Bravery is mental or moral strength to face danger, fear, or difficulty. Throughout Scripture, God encourages His people to be brave because He is with them (Isaiah 41:13; Luke 12:7; Revelation 2:10). The command for us to be brave or courageous usually accompanied an instruction that seemed impossible, which indicates that God knows how frail we often feel when the challenge is great.
Some people by nature are risk-takers. Bravery comes easily to them most of the time, but even the courageous have areas that leave them feeling helpless. Others tremble like Chihuahuas at the slightest threat. Scripture commands us not to fear (Isaiah 41:10; 43:5; Luke 12:7), but God knows how we are made (Psalm 103:14), so He gives us reasons to be brave. We can remind ourselves of these reasons whenever we are called upon to face a situation with bravery:
1. God is with us. In Joshua 1:1–9, God gives us the first reason to be brave. He had chosen Joshua as Moses’ successor, and the task was daunting. It would be Joshua, not Moses, who would lead the Israelites into the Promised Land and drive out its pagan inhabitants. Three times in this passage the Lord commands Joshua to “be strong and courageous.” God knew the challenges Joshua would face and the formidable appearance of the enemy. But because the Lord would go with the children of Israel, Joshua could move forward with confidence. He was not alone. The people would not have to fight an overwhelming battle on their own. God would fight for them (Exodus 14:14; Deuteronomy 1:30).
2. Past experiences. David, as a young shepherd boy (1 Samuel 17:12–15), is an example of bravery based on his experience with the Lord. He volunteered to face the giant Goliath because he had seen the Lord deliver him before. His answer to the incredulous King Saul was, “The Lord who rescued me from the paw of the lion and the paw of the bear will rescue me from the hand of this Philistine” (1 Samuel 17:37). David stood up bravely to the taunting giant, confident that, because he stood in the strength of the Lord, he would be victorious. He answered Goliath’s challenge with these brave words: “You come against me with sword and spear and javelin, but I come against you in the name of the Lord Almighty, the God of the armies of Israel, whom you have defied. This day the Lord will deliver you into my hands, and I’ll strike you down and cut off your head. This very day I will give the carcasses of the Philistine army to the birds and the wild animals, and the whole world will know that there is a God in Israel. All those gathered here will know that it is not by sword or spear that the Lord saves; for the battle is the Lord’s, and he will give all of you into our hands” (1 Samuel 17:45–47). David’s bravery was not motivated by arrogance or self-promotion but by his conviction that God’s honor was a stake. Someone had to do something about the giant’s blasphemy.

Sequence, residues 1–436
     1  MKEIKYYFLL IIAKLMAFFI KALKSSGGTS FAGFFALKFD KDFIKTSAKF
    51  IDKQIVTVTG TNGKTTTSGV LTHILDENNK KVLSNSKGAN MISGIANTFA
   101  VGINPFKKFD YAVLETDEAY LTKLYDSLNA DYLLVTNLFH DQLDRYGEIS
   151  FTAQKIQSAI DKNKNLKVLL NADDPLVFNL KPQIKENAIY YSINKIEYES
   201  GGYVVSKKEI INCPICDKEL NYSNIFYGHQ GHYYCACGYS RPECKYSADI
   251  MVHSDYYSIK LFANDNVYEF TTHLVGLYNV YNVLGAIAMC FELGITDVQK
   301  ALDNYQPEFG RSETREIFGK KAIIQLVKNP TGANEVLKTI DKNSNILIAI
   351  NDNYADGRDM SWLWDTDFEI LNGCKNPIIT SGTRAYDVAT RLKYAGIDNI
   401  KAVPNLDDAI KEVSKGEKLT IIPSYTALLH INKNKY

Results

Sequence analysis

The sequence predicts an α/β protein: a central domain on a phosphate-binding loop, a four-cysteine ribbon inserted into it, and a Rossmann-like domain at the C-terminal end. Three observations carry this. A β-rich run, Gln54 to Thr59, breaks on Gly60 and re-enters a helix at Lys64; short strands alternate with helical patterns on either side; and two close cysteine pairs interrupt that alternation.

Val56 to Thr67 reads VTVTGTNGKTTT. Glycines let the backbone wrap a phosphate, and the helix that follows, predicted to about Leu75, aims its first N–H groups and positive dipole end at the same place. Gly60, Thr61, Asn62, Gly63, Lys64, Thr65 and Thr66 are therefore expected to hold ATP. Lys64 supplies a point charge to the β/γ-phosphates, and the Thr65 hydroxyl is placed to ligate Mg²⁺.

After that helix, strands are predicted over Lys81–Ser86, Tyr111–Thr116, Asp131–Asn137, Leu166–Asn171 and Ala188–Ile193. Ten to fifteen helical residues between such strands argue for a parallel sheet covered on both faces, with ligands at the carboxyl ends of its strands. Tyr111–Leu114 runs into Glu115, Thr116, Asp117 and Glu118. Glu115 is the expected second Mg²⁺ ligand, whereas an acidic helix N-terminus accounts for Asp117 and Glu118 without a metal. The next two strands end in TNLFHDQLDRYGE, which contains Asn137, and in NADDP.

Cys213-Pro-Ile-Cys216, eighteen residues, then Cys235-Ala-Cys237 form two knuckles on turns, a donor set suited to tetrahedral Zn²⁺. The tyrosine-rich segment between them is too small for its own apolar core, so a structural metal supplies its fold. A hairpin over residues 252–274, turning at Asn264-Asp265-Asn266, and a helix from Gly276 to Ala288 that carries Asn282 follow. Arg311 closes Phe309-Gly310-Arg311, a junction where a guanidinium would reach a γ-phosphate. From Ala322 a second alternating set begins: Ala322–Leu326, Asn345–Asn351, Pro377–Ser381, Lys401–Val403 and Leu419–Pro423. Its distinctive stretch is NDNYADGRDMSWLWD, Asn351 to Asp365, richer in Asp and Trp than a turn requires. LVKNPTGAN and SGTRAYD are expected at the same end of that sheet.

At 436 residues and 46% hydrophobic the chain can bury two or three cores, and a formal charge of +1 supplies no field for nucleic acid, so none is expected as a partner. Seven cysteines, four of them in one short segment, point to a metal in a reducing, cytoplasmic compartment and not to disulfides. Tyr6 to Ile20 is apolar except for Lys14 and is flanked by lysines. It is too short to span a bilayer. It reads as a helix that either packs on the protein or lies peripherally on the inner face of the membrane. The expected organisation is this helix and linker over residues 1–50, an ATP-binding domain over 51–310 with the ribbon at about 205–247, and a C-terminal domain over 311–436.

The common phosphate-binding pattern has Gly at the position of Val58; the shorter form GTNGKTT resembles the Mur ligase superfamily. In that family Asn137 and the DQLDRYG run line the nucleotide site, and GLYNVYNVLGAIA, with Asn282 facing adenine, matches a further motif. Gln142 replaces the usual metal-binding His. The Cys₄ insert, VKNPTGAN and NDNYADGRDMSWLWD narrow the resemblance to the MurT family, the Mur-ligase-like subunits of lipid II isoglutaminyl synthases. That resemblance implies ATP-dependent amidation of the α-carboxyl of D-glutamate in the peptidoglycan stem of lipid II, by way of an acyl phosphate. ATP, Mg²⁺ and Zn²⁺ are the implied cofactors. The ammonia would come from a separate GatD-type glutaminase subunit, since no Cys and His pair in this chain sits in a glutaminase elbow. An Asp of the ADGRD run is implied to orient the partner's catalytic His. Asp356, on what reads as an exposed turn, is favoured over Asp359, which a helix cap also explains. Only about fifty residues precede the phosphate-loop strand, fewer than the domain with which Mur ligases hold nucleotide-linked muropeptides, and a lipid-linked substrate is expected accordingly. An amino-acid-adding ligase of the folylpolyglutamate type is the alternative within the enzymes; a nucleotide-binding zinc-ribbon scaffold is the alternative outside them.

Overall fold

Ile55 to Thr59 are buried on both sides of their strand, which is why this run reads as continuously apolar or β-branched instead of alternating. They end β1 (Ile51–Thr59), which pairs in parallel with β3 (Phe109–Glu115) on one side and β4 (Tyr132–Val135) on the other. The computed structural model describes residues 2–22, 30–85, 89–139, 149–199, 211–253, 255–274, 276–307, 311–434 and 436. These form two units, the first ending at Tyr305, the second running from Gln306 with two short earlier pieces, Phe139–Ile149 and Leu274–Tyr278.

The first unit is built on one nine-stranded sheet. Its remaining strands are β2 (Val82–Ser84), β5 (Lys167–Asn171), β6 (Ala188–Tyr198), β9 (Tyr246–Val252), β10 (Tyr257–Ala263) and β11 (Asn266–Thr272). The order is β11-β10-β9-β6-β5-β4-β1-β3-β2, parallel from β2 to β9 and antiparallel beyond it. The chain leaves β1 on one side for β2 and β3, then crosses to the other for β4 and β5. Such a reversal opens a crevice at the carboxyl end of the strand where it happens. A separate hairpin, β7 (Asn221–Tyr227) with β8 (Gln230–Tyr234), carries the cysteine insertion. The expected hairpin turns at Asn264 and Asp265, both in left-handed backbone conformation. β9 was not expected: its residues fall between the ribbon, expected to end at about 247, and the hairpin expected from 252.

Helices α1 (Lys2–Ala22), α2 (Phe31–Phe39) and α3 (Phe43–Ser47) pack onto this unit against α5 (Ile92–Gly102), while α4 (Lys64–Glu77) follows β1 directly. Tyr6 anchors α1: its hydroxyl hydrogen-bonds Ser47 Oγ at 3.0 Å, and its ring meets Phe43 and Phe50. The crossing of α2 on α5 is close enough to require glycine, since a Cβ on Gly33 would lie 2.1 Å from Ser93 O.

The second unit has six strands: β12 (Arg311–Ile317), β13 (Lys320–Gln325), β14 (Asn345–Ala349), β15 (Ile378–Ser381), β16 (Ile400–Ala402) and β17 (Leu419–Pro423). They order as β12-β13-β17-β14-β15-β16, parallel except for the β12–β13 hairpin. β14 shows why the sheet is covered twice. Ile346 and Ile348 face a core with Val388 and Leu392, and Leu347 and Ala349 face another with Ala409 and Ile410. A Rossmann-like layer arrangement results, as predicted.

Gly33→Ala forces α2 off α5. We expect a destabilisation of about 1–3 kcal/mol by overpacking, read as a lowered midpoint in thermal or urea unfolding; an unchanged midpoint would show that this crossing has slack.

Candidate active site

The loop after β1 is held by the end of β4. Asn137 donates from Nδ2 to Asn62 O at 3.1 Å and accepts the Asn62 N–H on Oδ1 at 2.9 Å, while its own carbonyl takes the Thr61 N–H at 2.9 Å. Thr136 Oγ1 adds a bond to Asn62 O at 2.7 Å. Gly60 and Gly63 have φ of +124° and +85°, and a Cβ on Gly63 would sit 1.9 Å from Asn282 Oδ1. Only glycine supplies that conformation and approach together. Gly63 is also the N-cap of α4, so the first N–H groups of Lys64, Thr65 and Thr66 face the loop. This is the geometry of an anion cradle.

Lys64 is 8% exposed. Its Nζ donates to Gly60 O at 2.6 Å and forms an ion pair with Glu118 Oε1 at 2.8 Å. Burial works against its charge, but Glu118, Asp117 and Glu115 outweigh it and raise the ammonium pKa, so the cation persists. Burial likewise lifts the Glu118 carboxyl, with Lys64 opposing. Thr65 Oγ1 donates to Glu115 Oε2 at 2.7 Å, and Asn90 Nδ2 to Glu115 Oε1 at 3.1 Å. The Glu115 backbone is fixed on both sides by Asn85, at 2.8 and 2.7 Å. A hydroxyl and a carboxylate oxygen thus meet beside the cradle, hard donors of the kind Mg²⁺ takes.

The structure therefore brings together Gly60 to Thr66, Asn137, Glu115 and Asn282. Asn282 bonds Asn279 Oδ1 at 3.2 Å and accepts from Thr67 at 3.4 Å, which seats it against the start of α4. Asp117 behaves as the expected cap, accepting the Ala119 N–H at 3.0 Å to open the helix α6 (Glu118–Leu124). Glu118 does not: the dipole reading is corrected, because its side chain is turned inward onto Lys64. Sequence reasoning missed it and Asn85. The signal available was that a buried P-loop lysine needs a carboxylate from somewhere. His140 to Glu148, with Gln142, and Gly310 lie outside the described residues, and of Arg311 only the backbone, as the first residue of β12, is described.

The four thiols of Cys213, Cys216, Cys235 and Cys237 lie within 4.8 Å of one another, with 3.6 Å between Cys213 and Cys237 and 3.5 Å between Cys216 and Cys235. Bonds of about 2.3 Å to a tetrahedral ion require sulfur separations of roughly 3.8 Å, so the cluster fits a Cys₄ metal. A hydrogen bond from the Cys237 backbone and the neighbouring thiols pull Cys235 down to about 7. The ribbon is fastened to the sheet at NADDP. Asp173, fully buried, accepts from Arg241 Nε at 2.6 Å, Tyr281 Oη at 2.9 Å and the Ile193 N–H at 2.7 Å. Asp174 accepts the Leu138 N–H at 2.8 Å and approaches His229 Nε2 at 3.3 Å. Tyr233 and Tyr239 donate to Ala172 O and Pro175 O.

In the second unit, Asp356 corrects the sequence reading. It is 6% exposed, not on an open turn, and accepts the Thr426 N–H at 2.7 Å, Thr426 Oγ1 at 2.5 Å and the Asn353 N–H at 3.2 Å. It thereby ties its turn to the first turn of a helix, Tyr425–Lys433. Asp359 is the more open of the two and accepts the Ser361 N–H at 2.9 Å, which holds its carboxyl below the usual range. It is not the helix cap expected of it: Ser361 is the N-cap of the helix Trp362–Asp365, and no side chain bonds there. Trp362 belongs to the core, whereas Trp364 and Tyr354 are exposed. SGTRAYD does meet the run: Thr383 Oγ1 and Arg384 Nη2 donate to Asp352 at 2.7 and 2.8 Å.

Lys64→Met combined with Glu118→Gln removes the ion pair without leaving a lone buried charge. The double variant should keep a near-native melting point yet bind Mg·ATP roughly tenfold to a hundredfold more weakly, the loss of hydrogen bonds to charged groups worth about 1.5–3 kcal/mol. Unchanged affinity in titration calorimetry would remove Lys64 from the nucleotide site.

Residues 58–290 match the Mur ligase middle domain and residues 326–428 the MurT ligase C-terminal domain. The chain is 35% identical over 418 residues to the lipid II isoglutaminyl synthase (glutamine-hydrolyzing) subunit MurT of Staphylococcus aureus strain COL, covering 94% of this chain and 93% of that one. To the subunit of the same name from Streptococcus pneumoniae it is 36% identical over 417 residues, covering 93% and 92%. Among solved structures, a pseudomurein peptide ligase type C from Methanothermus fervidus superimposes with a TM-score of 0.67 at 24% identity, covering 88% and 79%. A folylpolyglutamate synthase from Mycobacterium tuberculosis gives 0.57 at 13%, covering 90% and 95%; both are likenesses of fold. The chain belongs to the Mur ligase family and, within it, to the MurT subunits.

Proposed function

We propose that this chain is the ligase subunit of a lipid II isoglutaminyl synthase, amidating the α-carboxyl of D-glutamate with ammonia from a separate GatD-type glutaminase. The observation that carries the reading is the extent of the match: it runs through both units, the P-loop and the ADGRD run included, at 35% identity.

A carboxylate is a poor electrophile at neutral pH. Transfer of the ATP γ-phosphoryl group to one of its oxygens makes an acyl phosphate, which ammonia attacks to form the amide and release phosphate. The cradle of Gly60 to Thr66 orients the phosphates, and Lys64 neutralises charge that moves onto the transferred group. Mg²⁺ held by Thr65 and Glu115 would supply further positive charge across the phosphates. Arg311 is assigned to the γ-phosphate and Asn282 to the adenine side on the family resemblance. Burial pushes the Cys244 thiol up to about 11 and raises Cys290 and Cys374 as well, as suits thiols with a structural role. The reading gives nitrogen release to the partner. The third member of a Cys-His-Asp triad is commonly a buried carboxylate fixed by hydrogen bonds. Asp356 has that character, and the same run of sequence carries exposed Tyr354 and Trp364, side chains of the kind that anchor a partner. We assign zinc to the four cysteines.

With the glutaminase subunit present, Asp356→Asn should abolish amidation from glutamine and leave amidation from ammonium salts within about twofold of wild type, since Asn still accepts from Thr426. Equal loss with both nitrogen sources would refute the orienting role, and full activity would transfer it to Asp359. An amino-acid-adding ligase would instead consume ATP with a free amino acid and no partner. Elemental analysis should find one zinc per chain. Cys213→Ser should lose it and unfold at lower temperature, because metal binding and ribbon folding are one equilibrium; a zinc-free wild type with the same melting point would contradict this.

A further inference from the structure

3. God’s plans will never fail. Isaiah 46:9–11 assures us that, no matter what seems to be going on in our world, God is still in control. We may face formidable circumstances, but God is not daunted. He is working behind the scenes to accomplish His good plans. We can be brave when we get the lab results, the layoff notice, or the subpoena if we desire God’s purposes in our lives. We can know that He is working all things together for our good, and that knowledge makes us brave (Romans 8:28).
Bravery is not outward bravado. Bravery is acting in the face of fear; it’s being afraid to do something and doing it anyway. The world provides us with many opportunities to be afraid. Many of those fears are real threats to our lives and families. It is not wrong to be afraid; it is wrong to let fear make our decisions. And that’s where bravery comes in. We are brave when we remind ourselves of all God’s promises and press on in the direction He leads (Philippians 3:14). Choosing to obey Christ in everything, regardless of the personal cost, is the ultimate act of bravery (Luke 9:23).